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Garlic takes nine months to grow, which is a significant time investment. Nothing is worse than lifting garlic to find tiny bulbs after all the time you put in.
But you don’t need to settle for small bulbs, and in this video, I will give you ten garlic-growing mistakes you need to know so you can get larger bulbs.
There are some fundamentals when growing garlic, and I have a more in-depth video on everything you need to grow it in an older video;
I will link to that at the end, but here I want to give you the ten mistakes most people make that result in small bulbs and how you can avoid them.
- Mistake number 1. Garlic Spacing
- Mistake Number 2. Planting Depth
- Mistake Number 3. Soil Condition
- Mistake Number 4. Nutrient Balance
- Mistake Number 5. Types Of Garlic
- Mistake Number 6. Clove Size
- Mistake Number 7. Competition
- Mistake Number 8. Garlic Scapes
- Mistake Number 9. Planting Correct Way Up
- Mistake Number 10. Planting Times
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Mistake number 1. Garlic Spacing
Spacing. Garlic does not make perfect neighbors. They hate being in crowded conditions, even with their kind. So you need to plant them far enough apart so that their roots do not compete but close enough together not to waste ground.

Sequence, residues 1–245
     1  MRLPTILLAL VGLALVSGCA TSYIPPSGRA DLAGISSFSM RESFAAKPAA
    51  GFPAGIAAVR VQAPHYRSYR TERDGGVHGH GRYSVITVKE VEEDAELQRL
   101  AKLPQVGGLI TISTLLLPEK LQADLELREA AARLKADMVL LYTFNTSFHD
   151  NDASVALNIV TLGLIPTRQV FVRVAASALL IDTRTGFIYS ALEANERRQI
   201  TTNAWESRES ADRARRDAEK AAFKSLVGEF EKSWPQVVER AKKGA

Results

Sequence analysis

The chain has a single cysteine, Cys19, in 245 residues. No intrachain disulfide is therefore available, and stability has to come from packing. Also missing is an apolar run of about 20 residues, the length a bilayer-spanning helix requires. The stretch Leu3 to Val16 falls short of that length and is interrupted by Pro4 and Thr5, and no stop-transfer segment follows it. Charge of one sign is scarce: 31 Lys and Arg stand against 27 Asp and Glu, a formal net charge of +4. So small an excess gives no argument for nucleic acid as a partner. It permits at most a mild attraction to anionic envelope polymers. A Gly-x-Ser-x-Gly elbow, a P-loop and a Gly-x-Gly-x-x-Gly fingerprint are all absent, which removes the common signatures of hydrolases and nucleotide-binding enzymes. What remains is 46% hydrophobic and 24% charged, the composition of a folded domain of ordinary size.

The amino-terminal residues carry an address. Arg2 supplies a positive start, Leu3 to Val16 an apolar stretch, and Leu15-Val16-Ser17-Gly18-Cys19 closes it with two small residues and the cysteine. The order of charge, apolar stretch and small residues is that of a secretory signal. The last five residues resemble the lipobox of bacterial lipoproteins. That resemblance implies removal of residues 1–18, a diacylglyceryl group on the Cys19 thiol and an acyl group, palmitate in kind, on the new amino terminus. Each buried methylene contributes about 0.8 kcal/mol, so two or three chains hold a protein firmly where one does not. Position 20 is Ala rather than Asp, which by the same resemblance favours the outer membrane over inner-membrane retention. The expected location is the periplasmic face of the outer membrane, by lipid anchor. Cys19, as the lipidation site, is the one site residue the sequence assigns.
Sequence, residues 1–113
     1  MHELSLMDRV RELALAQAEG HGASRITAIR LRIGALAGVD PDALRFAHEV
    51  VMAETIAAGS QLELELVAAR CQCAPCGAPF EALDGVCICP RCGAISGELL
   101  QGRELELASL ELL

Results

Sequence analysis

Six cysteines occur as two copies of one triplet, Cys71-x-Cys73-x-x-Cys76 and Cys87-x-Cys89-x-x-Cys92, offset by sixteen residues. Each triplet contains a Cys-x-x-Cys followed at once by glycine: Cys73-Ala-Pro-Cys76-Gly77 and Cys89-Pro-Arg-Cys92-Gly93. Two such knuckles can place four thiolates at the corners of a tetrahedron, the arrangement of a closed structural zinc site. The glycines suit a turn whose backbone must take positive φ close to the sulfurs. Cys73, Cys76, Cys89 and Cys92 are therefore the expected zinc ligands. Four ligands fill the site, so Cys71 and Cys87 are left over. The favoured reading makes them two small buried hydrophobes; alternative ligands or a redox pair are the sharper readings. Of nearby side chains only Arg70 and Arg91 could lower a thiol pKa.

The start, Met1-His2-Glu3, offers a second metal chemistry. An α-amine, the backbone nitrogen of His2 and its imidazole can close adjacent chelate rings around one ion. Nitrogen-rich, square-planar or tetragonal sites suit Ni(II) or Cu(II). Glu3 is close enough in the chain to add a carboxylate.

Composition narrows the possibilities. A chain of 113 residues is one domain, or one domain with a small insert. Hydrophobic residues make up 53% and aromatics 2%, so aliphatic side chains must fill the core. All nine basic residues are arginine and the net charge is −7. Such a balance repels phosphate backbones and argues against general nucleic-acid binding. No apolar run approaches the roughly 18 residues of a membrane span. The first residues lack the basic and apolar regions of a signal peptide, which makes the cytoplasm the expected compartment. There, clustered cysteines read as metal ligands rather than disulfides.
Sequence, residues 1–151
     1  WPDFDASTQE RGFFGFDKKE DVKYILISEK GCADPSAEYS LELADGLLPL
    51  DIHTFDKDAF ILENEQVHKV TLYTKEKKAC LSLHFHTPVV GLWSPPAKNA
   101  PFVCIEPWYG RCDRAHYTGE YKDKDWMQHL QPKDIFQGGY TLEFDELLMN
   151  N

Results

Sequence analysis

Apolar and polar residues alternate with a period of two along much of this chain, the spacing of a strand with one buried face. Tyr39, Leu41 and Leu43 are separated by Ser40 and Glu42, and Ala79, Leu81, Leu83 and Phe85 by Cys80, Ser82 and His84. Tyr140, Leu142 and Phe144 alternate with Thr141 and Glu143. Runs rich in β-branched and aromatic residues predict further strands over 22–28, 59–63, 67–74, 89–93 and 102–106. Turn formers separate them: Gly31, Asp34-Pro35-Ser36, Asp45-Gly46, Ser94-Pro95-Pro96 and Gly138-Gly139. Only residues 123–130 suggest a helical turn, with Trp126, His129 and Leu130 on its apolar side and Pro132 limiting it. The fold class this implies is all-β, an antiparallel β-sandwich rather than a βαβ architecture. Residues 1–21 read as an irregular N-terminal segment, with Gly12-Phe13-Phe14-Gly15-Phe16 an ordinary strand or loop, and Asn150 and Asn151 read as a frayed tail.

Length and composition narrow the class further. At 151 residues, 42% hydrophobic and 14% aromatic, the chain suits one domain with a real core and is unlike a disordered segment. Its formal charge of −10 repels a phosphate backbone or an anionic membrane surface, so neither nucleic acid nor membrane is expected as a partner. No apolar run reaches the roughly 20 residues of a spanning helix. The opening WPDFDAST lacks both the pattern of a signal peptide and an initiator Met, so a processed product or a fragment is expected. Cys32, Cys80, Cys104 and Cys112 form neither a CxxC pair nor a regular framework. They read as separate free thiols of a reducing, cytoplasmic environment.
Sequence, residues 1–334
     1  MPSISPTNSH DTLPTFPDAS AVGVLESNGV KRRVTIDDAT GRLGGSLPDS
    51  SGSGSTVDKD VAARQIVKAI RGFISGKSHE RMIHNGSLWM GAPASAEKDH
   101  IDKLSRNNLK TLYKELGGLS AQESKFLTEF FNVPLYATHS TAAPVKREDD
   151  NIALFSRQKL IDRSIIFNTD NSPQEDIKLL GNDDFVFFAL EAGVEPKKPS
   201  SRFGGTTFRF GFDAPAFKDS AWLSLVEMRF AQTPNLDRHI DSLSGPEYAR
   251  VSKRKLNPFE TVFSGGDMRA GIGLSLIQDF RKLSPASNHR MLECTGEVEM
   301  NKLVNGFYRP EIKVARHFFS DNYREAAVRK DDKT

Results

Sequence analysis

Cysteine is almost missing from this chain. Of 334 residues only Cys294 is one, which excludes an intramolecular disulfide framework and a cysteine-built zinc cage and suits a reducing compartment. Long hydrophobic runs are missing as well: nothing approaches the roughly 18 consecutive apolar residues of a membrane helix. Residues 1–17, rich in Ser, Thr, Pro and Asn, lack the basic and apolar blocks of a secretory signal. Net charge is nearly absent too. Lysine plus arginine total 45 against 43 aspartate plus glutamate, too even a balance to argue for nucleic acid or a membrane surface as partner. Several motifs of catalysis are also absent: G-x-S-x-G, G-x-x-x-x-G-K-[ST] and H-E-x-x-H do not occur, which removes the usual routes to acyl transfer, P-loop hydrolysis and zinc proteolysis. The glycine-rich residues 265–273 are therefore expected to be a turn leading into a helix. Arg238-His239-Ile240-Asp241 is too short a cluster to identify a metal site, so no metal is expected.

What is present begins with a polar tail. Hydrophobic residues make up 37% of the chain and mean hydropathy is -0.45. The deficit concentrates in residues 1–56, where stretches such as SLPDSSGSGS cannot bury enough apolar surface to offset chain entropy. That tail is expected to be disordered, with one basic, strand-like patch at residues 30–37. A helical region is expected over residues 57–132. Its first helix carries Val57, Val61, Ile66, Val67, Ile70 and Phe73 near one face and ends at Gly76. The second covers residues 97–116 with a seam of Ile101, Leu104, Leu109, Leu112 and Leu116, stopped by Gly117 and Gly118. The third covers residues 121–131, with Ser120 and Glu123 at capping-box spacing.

The ideal spacing for Garlic is between 4 and 9 inches. I find 6” is a great distance to provide enough space for large bulbs to form without compromising on the amount of ground this vegetable takes up.
Mistake Number 2. Planting Depth
Planting Depth. This is where a lot of people get it wrong. Some people plant the garlic clove just below the surface, so the top of the bulb is sticking out.
At this time of year, the birds think these tops are worms, and you can return to see your garlic cloves sitting on the soil where they have been pulled out.
Also, cloves can be pushed out of the soil as the ground heaves from the constant freezing and thawing process.
Planting too deep is also an issue because the clove wastes energy trying to push its leaves through the surface.
I think the best depth is around 2 inches or twice the depth of the clove you are planting. Stick to this, and you won’t go far wrong.
Mistake Number 3. Soil Condition